Map of Barrie. Detailed map of the highway and local roads of Barrie (Ontario, Canada)

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Map of Barrie. Detailed map of the highway and local roads of Barrie (Ontario, Canada)

Dufferin and Simcoe Counties

 

With its rough terrain and lack of large water bodies, Dufferin County was one of the last areas of southern Ontario to be settled. "The Roof of Ontario," or Niagara Escarpment, forms a dividing line through the county with the western part covered by gently rolling plains, ideally suited for agriculture. Simcoe County is dominated by Barrie and the Highway 400 corridor, the route to cottage country from Toronto. Here you can stay at a luxury resort or rent a basic beach cabin, shop for antiques in small towns or hit major malls, golf on a variety of courses or fish for lake trout, pike, or bass.

 

Alliston [D6] Nestled in the rich agricultural Nottawasaga Valley is Alliston, the "potato capital of Ontario," which holds an annual potato festival in August. One of the town's most famous native sons is Sir Frederick Banting, the codiscoverer of insulin. The Nottawasaga Inn is a top-ranked resort offering golf, swimming, fitness center, and full-service spa. (Э Southwest of Alliston on Hwy 89 is the Dufferin County Museum and Archives, built in the style of an Ontario bank barn. The silo functions as an art gallery space and contains a spiral staircase salvaged from the local Orangeville Jail (c. 1880). From the top floor of the silo there is a magnificent view of the Mulmur Hills and the Niagara Escarpment.

 

Barrie [A7] Located in the heart of the Georgian Lakelands area, Barrie was once a military post and an important fur-trading link between Lake Ontario and the upper Great Lakes. Kempenfest, Barrie's annual waterfront festival, has over 300 artisans displaying their works the first weekend in August. There is harness racing at Barrie Raceway, while the MacLaren Art Centre hosts regional, national, and international exhibitions in the visual arts.

 

From the downtown City Dock you can take the Serendipity Princess, a 265-passenger paddle wheeler, on a sightseeing cruise of Kempenfelt Bay's sparkling waters.

 

Borden [B6] The Borden Military Museum at Canadian Forces Base Borden has several heritage buildings, a memorial park, and a collection of over 9,500 artifacts, weapons, uniforms, military vehicles, aircraft, and mementoes. Camp Borden was established in 1916, and half of all Canadian soldiers who served in both world wars were trained here.

Midhurst [A7] The Simcoe County Museum charts local development from prehistoric times to the present. There are displays and artifacts from Native cultures-including an 1834 long-house-antique machinery, and a 19th-century Victorian village street, complete with store, toy shop, and undertaker's parlor. Nearby Springwater Provincial Park provides picnic shelters, children's play areas, wildlife displays, and hiking and skiing trails.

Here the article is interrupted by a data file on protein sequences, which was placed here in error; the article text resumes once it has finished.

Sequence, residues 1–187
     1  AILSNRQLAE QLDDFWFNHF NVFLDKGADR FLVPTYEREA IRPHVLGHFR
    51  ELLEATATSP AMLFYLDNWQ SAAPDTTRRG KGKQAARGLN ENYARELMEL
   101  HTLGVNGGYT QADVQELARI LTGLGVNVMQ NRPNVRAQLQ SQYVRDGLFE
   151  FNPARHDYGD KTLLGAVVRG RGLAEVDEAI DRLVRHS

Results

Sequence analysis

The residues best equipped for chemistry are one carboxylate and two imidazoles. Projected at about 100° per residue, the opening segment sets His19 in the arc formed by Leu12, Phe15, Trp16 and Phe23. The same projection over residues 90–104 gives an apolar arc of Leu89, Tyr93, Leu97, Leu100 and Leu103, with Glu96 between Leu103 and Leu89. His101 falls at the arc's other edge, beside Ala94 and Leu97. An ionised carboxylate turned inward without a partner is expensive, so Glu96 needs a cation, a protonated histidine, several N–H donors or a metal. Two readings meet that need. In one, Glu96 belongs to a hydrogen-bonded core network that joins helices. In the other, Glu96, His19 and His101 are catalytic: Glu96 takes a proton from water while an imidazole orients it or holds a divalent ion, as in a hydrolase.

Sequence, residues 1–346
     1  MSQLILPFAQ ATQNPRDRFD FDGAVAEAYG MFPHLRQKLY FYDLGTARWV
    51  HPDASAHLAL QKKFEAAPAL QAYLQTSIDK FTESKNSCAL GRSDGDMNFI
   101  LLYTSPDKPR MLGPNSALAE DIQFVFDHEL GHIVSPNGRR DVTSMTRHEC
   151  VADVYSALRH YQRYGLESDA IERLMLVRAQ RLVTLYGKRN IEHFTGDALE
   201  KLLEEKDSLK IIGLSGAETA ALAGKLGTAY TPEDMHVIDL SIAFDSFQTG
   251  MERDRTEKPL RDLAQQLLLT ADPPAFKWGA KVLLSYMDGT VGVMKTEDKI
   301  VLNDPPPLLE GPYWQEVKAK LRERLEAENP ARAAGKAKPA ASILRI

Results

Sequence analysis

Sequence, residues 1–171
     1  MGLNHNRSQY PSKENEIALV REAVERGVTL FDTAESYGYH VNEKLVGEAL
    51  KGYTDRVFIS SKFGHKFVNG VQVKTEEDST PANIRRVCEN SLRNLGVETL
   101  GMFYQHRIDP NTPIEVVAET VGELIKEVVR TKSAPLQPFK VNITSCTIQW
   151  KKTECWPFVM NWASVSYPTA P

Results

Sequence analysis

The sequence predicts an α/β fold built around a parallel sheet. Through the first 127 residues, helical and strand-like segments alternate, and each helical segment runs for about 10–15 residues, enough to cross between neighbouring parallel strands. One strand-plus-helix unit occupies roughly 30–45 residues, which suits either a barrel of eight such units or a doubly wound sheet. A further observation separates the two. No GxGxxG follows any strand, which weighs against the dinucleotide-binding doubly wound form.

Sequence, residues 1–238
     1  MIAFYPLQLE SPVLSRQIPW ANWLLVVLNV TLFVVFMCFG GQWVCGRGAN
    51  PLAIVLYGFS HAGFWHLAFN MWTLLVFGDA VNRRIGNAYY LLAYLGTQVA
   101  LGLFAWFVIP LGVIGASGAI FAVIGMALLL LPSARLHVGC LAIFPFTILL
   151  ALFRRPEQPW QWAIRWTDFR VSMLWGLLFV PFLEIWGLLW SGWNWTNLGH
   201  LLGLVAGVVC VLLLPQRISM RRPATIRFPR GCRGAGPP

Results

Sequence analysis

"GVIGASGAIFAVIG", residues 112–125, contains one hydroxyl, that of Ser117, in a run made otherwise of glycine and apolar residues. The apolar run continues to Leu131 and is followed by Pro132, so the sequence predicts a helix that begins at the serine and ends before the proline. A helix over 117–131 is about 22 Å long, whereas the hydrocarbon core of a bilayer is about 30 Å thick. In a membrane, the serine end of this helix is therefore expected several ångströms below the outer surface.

Shelburne [D4] This quiet town becomes "Fiddleville" every August when it hosts the Canadian Open Fiddle Championship. The local population swells by more than 10,000 over the three days as fans and contestants attend the largest fiddle contest in North America.

Tottenham [E6] The South Simcoe Railway offers open-window coach rides through the Beeton Creek valley, powered by steam locomotives dating from 1883 and 1912.

SPECIAL INTEREST

The Niagara Escarpment Biosphere Reserve

The Niagara Escarpment Biosphere Reserve encompasses 190,000 hectares between the Niagara River and the tip of the Bruce Peninsula, and protects several key areas along the Niagara Escarpment with natural geomor-phological features that are vulnerable and easily damaged. At Duncan Crevice Caves Provincial Nature Reserve [A2], seasonal extremes in temperature and the forces of gravity have caused large blocks of rock to break away from the face of the Niagara Escarpment. The gradual shifting downward of these huge blocks has produced large caves.

At Pretty River Valley Provincial Park [A3], the land bears the marks of a retreating glacier-meltwater channels, moraine, outwash, and till. The escarpment geology highlights several good crevice caves.

Mono Cliffs Provincial Park [E4-E5] contains crevice caves, an upland limestone plain, and talus slopes. The park features two prominent masses of rock, separated by erosion from the main rock body, called outliers. Botanists have noted that the local vegetation includes a rich diversity of ferns.

At the Hockley Valley Provincial Nature Reserve [E5], the Nottawasaga River cuts a picturesque gorge across the escarpment. Forested moraines and open meadows lie upstream, and swamp and bottomland forest spread across the valley floor, stretching for several kilometers.

 

Map of Barrie. Detailed map of the highway and local roads of Barrie (Ontario, Canada)